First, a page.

Article 10 states, "Citizens are directly represented at Union level in the European Parliament". Article 39.1 of the Charter of Fundamental Rights of the European Union provides, "Every citizen of the Union has the right to vote and to stand as a candidate at elections to the European Parliament in the Member State in which he or she resides, under the same conditions as nationals of that State."
In the absence of post-2009 case law which directly addresses this issue, the initial legal advice concluded that it may be possible for member states to allow citizens of third countries resident in their territories to vote in EU elections.
A more prudent view is that the 2009 amendment to Article 14.2 of the Treaty on European Union and the prospective 2018 amendments to Article 1.1 of the Act of 1976 separately and together create a minimum requirement of Union citizenship to vote and stand in elections to the European Parliament. Further legal advice was sought, which concluded definitively that any proposal to enfranchise British citizens resident in Ireland after the withdrawal of the UK from the Union for the purposes of the European elections would be inconsistent with the law of the European Union.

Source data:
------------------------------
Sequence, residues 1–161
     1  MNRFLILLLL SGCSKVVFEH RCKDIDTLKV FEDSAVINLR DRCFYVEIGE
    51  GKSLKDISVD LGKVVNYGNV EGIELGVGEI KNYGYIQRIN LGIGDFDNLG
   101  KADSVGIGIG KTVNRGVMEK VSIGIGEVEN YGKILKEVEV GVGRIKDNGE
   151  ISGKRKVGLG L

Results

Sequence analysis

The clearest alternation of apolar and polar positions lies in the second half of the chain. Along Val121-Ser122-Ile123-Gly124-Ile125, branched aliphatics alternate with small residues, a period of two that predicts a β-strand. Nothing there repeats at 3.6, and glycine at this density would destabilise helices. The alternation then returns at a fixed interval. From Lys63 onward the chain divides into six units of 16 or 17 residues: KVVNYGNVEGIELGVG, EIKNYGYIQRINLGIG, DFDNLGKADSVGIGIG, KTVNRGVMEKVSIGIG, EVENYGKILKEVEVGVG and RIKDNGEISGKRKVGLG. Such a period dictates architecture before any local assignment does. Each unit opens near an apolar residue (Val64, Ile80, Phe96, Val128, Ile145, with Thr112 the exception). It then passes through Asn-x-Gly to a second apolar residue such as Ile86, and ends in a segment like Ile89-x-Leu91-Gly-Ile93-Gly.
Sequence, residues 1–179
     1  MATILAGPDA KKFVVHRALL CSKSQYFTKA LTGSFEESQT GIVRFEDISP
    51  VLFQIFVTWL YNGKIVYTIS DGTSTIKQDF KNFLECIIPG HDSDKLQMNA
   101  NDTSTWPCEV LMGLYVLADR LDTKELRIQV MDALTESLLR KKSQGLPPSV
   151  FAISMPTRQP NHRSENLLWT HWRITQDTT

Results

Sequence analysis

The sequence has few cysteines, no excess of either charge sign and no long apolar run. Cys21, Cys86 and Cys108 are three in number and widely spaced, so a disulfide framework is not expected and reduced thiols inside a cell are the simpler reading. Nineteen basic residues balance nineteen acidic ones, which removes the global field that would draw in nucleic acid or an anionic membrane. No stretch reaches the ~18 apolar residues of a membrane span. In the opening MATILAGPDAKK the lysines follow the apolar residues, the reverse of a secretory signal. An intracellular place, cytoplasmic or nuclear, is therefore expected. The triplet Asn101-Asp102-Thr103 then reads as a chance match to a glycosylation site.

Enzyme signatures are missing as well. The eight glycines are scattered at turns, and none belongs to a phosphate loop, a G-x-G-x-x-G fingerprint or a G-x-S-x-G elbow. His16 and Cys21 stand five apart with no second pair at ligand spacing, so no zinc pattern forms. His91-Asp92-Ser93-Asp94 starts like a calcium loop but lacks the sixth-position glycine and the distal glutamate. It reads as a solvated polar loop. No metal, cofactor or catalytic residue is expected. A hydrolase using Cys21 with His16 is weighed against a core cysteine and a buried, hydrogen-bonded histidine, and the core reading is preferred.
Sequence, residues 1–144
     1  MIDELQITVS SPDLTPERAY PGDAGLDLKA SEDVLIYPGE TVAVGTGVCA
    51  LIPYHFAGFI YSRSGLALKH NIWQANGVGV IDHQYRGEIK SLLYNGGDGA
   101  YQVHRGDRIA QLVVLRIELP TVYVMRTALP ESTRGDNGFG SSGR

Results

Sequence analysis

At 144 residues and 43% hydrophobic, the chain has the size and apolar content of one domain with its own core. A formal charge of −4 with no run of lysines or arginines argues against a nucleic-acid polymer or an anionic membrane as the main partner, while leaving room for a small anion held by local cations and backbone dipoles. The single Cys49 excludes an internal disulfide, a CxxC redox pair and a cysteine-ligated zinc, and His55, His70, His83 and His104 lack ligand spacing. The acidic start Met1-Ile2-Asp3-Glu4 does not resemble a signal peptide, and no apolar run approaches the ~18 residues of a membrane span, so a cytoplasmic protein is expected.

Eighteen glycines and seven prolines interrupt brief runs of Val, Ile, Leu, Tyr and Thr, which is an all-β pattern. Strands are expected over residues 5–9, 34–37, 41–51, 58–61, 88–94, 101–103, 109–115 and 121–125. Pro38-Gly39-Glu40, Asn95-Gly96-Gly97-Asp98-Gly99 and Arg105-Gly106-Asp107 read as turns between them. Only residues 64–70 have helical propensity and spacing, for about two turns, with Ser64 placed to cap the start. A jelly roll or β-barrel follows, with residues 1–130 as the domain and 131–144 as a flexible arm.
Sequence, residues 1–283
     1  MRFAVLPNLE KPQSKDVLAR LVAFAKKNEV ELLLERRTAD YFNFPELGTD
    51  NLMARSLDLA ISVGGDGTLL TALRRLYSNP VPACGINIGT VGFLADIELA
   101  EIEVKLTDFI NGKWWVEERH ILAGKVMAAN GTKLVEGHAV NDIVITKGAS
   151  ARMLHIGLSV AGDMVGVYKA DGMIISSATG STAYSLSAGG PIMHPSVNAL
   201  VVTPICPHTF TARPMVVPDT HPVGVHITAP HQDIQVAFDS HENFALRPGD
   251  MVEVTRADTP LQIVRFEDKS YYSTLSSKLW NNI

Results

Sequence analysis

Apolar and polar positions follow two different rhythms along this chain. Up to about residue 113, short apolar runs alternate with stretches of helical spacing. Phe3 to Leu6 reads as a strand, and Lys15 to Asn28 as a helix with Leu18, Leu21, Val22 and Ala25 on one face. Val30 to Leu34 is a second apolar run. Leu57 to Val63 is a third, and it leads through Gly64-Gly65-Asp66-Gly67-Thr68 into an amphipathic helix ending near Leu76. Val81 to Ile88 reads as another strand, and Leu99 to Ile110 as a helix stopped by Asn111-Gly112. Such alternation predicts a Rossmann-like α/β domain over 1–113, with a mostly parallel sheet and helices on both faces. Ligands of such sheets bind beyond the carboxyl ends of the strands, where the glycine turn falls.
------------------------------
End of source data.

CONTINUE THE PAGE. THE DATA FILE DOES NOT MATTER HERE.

Amendment Nos. 7 and 8 have been ruled out of order as they are not relevant to the provisions of the Bill.
I move amendment No. 9:
In page 10, between lines 11 and 12, to insert the following:
"Report and review of European electoral register
9. (1) The Minister shall, within 30 months of the passing of this Act, initiate a report and review on the potential extension of the European electoral register to include Non-EU citizens resident in the State.
(2) Within 8 months of the initiation of such a report and review, the Minister shall lay the report and review before both Houses of the Oireachtas.".